Lisa and I are headed to the 100th Rose Bowl Game in Pasadena with our good friends from Idaho, Dan and Colette. As we pack up for the road trip south, I am reminded of a great life lesson learned during a prior Rose Bowl experience—get control of the game! This is part one of a three-part series.
The 1998 Rose Bowl Game, a culmination of the 1997 NCAA Division I football season, pitted the University of Michigan Wolverines against the Washington State Cougars. This, the 84th Rose Bowl, was the last year the Rose Bowl was neither corporately branded nor part of the Bowl Championship Series (“BCS”). The game has long been known as the “granddaddy of them all”—the most spectacular bowl game in college sports. The Game Manager that year was my oldest brother, Bill Lewis, who managed the Rose Bowl on behalf of the City of Pasadena for over a decade.
Washington State was coached by Mike Price, head coach from 1989 to 2002, and featured Ryan Leaf, a promising quarterback who was a finalist for the Heisman trophy in his Junior year. Leaf was the second overall pick in the 1998 NFL draft, yet only played four seasons, primarily with the San Diego Chargers and the Dallas Cowboys between 1998 and 2001.
Michigan, coached by Lloyd Carr from 1995 to 2007, had two prominent players: Charles Woodson and Brian Griese. Woodson won the Heisman the prior year as a Junior, and was selected by the Oakland Raiders with the fourth pick in the first round of the 1998 NFL Draft. In 2007, Woodson was ranked #11 on ESPN’s Top 25 Players In College Football History list. Griese, later drafted by the Denver Broncos in the third round of the 1998 NFL Draft, was selected as the MVP of the Rose Bowl, passing for 251 yards and three touchdowns.
The 1998 Rose Bowl as a fight for the National Championship in a system that relied on coaches and writers polls to rank college football teams. The “official” National Championship game was played in the Orange Bowl where Nebraska defeated Tennessee 42-17. Based on Nebraska’s defeat of Tennessee, favored to win the top spot, the AP poll named Michigan and Nebraska co-national champions.
I had the good fortune of attending the game and participating in the pre-game effort at my brother’s invitation. The head referee, Dick Burleson from the Southeastern Conference, was set to retire. The Rose Bowl was his final game. An amateur photographer, Bill asked me to spend some time before the game with the officiating crew, showing them around the facility and taking a few pictures to memorialize the event for Burleson. It was a lot of fun hanging out with the crew the day before the game. To my surprise, Burleson asked me to join the crew in the locker room on game day as they prepared to take the field.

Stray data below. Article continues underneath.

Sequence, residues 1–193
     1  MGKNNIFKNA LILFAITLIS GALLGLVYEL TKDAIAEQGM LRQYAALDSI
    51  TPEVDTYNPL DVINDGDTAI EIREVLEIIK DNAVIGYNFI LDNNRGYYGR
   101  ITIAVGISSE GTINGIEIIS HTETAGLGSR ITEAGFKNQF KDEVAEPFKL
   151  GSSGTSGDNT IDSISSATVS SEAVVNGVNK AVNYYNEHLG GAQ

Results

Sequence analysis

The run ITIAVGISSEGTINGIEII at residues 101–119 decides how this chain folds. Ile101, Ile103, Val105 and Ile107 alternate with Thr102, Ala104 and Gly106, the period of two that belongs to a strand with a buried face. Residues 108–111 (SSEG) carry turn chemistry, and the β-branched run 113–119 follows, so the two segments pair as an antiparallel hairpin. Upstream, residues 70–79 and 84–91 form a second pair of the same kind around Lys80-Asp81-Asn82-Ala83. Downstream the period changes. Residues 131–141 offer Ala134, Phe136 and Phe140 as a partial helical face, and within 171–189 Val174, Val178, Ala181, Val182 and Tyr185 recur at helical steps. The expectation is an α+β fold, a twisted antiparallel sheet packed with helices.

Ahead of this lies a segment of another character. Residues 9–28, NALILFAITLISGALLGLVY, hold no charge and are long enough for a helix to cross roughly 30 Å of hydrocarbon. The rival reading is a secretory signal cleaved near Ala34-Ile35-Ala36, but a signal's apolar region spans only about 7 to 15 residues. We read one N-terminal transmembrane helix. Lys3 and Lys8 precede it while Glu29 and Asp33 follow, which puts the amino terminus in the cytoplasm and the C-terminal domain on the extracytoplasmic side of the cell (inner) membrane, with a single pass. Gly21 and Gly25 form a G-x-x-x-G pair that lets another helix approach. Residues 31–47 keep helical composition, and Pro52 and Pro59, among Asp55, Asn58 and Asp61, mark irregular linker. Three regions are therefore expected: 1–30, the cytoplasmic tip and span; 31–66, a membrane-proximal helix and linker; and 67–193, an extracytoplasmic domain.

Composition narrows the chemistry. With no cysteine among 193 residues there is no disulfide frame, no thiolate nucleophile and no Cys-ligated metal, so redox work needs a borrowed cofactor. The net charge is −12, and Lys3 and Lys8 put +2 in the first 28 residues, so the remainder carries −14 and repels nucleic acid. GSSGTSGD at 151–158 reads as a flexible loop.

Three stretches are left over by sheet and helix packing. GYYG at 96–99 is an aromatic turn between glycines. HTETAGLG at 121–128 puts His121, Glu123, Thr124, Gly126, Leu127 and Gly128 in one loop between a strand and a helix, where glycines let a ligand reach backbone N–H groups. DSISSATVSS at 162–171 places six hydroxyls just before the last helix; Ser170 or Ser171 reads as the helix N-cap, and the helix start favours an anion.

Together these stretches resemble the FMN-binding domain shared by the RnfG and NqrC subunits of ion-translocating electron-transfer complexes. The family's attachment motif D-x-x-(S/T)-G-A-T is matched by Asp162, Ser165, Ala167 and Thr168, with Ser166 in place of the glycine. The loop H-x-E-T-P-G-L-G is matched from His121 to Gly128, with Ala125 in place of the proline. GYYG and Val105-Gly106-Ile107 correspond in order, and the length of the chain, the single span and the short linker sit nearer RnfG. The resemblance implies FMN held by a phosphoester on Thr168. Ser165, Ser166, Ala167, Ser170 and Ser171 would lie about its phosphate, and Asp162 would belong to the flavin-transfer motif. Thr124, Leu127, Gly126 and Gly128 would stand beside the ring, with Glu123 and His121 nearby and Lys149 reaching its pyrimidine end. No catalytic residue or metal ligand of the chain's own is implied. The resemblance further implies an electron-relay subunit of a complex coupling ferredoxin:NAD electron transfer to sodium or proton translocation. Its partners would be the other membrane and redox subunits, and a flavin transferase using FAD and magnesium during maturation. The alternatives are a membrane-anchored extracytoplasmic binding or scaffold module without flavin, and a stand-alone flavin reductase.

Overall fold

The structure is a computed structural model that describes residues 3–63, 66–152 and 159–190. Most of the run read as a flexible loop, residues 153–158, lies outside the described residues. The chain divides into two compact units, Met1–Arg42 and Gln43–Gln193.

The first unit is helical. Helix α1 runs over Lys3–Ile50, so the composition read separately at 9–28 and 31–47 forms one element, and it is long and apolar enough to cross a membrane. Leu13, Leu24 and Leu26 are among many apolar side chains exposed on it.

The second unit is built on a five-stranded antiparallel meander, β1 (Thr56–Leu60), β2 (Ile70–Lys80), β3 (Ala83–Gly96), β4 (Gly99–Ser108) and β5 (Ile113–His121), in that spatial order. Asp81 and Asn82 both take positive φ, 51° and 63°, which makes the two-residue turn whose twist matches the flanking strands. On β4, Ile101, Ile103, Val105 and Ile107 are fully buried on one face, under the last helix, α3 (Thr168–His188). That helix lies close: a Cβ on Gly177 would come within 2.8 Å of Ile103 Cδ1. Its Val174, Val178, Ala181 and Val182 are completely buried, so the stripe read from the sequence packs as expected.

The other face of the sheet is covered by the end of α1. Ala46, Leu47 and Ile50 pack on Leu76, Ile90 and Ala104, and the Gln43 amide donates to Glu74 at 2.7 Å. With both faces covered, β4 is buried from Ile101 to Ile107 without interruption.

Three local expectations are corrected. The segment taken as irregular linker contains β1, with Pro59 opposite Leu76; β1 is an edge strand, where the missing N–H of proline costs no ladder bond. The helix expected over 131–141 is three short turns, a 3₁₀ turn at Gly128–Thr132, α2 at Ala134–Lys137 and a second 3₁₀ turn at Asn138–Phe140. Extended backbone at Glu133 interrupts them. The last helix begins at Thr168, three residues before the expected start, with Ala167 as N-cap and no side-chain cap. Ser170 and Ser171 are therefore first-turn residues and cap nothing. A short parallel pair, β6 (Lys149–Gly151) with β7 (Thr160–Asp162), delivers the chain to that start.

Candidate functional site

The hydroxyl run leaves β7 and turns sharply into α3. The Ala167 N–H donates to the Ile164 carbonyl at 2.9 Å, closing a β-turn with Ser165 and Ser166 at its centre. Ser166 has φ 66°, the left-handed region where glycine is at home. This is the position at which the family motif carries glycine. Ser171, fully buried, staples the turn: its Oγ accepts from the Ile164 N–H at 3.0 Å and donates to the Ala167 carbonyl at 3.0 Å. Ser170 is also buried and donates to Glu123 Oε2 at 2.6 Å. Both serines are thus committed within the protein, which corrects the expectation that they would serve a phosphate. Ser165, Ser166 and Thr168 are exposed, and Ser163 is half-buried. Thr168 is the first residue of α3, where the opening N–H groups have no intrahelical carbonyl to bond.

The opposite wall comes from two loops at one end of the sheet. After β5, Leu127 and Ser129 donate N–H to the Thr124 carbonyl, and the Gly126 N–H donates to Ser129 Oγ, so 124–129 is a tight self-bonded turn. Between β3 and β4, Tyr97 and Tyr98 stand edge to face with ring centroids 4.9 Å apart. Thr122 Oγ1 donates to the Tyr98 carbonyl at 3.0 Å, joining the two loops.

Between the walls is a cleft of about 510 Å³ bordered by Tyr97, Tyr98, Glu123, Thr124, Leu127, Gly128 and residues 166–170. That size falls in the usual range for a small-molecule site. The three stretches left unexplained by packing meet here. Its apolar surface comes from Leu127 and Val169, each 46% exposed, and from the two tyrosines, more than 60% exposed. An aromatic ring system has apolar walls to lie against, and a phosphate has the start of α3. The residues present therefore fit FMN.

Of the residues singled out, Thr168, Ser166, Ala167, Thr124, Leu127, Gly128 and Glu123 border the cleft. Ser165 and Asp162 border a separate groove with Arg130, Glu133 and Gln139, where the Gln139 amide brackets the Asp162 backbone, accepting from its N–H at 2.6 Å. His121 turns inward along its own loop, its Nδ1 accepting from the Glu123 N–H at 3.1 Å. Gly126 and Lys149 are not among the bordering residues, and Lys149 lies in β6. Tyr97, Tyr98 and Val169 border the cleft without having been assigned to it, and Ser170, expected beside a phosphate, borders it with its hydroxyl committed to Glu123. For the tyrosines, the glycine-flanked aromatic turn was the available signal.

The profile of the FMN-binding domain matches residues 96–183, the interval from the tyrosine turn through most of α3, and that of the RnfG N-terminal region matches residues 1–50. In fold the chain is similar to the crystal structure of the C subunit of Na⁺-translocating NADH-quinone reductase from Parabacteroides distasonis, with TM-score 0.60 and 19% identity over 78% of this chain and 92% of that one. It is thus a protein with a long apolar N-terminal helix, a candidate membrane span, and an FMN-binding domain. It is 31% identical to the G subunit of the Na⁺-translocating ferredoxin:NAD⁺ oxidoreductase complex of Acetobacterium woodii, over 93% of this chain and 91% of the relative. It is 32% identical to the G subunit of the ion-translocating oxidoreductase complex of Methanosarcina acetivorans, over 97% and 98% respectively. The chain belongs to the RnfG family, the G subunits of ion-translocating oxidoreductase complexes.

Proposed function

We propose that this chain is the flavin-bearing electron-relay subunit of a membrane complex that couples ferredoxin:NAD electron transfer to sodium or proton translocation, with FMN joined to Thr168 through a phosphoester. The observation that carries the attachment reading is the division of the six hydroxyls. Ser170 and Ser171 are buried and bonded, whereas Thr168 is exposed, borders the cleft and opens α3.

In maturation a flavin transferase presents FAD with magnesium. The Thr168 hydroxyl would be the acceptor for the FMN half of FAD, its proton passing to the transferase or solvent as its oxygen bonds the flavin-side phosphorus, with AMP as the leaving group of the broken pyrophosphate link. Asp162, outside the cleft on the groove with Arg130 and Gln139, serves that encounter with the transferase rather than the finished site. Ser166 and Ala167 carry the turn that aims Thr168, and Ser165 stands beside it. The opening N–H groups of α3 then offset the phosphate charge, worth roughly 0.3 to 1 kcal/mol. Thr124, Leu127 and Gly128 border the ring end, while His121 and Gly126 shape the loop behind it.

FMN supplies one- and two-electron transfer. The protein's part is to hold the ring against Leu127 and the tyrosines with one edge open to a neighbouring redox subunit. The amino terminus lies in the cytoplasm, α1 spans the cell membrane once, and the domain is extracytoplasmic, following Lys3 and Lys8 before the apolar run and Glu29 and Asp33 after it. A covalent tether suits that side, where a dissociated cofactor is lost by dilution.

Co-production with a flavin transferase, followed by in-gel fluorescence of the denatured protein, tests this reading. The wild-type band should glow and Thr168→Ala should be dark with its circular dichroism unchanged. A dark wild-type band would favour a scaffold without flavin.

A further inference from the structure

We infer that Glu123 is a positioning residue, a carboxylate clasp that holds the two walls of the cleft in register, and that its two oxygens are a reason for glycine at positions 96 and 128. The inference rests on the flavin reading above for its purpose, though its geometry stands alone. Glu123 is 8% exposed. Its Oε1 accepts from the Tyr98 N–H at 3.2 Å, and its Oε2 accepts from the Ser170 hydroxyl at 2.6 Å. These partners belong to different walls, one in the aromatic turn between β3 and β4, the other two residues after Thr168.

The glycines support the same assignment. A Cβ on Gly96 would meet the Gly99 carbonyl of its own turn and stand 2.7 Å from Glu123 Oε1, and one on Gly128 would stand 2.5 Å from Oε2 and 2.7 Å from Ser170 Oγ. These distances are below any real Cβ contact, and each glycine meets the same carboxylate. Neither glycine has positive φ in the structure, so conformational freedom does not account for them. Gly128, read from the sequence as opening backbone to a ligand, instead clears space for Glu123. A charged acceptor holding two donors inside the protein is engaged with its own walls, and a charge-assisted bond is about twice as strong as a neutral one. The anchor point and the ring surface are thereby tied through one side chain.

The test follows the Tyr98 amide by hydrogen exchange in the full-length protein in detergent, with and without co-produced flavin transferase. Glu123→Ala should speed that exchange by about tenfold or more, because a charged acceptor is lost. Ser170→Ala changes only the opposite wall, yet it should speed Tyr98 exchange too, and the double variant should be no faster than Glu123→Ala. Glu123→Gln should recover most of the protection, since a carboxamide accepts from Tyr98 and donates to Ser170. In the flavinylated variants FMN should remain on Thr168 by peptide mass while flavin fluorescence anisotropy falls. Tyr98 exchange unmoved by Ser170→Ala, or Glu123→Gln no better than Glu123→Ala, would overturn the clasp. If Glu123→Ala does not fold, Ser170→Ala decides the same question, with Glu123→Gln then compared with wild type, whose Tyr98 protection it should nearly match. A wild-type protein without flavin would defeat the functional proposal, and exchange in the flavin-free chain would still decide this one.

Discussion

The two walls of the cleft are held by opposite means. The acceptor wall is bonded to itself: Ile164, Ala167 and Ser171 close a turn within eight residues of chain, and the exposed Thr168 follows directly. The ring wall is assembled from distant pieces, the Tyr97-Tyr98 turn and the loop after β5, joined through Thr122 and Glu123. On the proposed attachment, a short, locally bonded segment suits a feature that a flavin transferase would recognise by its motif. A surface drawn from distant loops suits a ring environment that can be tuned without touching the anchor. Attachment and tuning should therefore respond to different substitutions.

I brought a change of clothes and my camera gear into the locker room and watched for photo opportunities as the men went through the referees’ version of a pre-game ritual. These were not high-profile individuals. Rather, they were typical, everyday citizens from various small towns across the south. As I recall, for example, one was a furniture salesman. I was intrigued by the intensity with which these men prepared to execute their duties.
As kickoff was approaching, Burleson called the crew together. He gave a simple yet highly impactful charge to his crew, “Let’s get control of the game!” He went on to remind the officials that this was a high profile contest with the national championship probably riding on the outcome. The coaching staffs and players were excellent at their respective games, and, as always, the Rose Bowl would be a long, hard fight. He wanted a penalty flag thrown by the third play of the game. Find some legitimate reason to let the coaches and players know we intend to have control of the game!
A few final words were spoken and we walked out through the tunnel and onto the field. It was a beautiful day in Pasadena. My brother and his talented management team were in high gear, setting in motion all of the key, pre-game activities on a very tight schedule to make absolutely certain that the military flight squadron waiting offshore was cued to fly directly above the stadium at the exact moment the final notes of the Star Spangled Banner would be played. Dick Burleson had the honor of leading the final ceremony, the coin toss by the Grand Marshall of the Tournament of Roses, Carol Burnett.
Given my charge as officiating crew photographer, I had the very unique opportunity to be at mid-field as the coin was tossed and on the sideline throughout the game. So I was on about the 20 yard line in the south east corner of the stadium when the ball was kicked and the game was underway. I watched all of the officials carefully curious as to how they would justify throwing a flag by the third play. Both teams were playing, at least initially, with discipline. The first two plays passed without incident. There were no infractions. At the conclusion of the third play, a sideline official reached into his back pocket and tossed the yellow, cloth rectangle high into the air. Both coaches were in protest mode almost immediately. No one saw what had gone wrong. And then came the call … equipment violation! One of the players’ knee pads was extending below the hem line of his pant leg. The looks of disgust on the faces of both sidelines symbolized a yielding of control of the game to the officials. This first penalty made it clear to the coaches and players that this would be a tightly called game. Dick Burleson’s crew had accomplished their first objective, to get control of the game!1
1 You can read more about Dick Burleson’s approach to officiating in his book You Better Be Right!
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